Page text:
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UA Subclass features - Is "(as if concentrating on spell)" the same as concentrating on a spell?

Volund

Explorer
I have noticed that some of the recent UA subclasses have features that last "until your concentration ends (as if concentrating on a spell)." Wizard Order of Scribes' Manifest Mind and Undead Warlock's Spirit Projection are two examples. While this phrase appears in the MM, I haven't found it anywhere in the PHB. I'm curious if anyone has thought about whether a PC/NPC using one of these features can also concentrate on a spell.

Two plausible readings of "(as if concentrating on a spell)" occur to me:
1) Although this feature is not technically a spell it is the functional equivalent of a spell requiring concentration, and your concentration can be broken just like with a spell. If you are concentrating on using this feature you cannot also concentrate on a spell.
2) Although this feature isn't a spell, the same rules for ending concentration on a spell are used to end concentration on this feature. Class features are not spells, so the rule against concentrating on more than one spell does not apply.

Follow up question: If you are a DM in camp 2, would you have a single concentration check apply to both the spell and the feature, or ask for one check for the spell and another for the feature?
 

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Clearly the intent is 1). However, it might be worth asking for clarification in the survey feedback, given how many people who seem to make a hobby of misinterpreting rules there are about.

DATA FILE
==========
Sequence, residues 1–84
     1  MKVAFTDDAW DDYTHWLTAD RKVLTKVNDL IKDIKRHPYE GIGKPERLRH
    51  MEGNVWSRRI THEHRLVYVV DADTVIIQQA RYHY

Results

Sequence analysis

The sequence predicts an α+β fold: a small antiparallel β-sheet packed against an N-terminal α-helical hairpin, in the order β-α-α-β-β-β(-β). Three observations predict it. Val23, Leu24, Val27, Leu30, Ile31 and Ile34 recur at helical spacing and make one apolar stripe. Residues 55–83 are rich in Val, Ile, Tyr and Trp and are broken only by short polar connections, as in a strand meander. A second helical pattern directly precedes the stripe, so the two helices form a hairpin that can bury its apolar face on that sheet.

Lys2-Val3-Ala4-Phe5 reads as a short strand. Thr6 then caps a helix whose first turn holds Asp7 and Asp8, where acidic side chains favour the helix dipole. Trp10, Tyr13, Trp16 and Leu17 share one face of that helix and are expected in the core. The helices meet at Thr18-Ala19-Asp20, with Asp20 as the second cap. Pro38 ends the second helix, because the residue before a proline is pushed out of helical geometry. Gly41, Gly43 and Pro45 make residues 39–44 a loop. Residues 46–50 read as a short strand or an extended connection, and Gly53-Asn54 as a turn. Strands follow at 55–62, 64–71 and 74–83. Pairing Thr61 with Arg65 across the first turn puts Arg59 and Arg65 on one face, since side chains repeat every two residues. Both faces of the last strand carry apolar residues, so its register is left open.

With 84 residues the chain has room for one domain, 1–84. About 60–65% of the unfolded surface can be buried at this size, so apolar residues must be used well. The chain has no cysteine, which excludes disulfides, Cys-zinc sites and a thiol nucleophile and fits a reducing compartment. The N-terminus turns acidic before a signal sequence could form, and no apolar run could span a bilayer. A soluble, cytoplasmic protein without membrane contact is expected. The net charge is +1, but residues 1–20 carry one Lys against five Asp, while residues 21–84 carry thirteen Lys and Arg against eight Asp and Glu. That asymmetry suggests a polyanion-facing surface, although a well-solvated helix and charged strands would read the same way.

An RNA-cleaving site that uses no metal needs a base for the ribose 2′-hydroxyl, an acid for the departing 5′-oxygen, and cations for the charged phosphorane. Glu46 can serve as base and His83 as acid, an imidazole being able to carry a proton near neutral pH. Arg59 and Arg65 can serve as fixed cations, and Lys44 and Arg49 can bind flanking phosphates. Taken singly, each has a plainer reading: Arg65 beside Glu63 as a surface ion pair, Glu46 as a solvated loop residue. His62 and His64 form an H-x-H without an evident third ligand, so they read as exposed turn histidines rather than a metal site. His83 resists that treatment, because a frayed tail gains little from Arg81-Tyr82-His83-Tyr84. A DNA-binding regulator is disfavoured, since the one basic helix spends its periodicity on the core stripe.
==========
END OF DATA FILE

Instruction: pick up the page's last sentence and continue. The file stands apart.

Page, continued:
ccs

40th lv DM
It's likely intended to be #1.
But at my table (if it ever comes up) we'd probably play it as as #2.
 


The notion of thought 2 never crossed my mind, nor do I feel it's the intent. If you did go with thought 2, I'd probably have separate saves for each, since you consider them two separate effects.
 


Coroc

Hero
I have noticed that some of the recent UA subclasses have features that last "until your concentration ends (as if concentrating on a spell)." Wizard Order of Scribes' Manifest Mind and Undead Warlock's Spirit Projection are two examples. While this phrase appears in the MM, I haven't found it anywhere in the PHB. I'm curious if anyone has thought about whether a PC/NPC using one of these features can also concentrate on a spell.

Two plausible readings of "(as if concentrating on a spell)" occur to me:
1) Although this feature is not technically a spell it is the functional equivalent of a spell requiring concentration, and your concentration can be broken just like with a spell. If you are concentrating on using this feature you cannot also concentrate on a spell.
2) Although this feature isn't a spell, the same rules for ending concentration on a spell are used to end concentration on this feature. Class features are not spells, so the rule against concentrating on more than one spell does not apply.

Follow up question: If you are a DM in camp 2, would you have a single concentration check apply to both the spell and the feature, or ask for one check for the spell and another for the feature?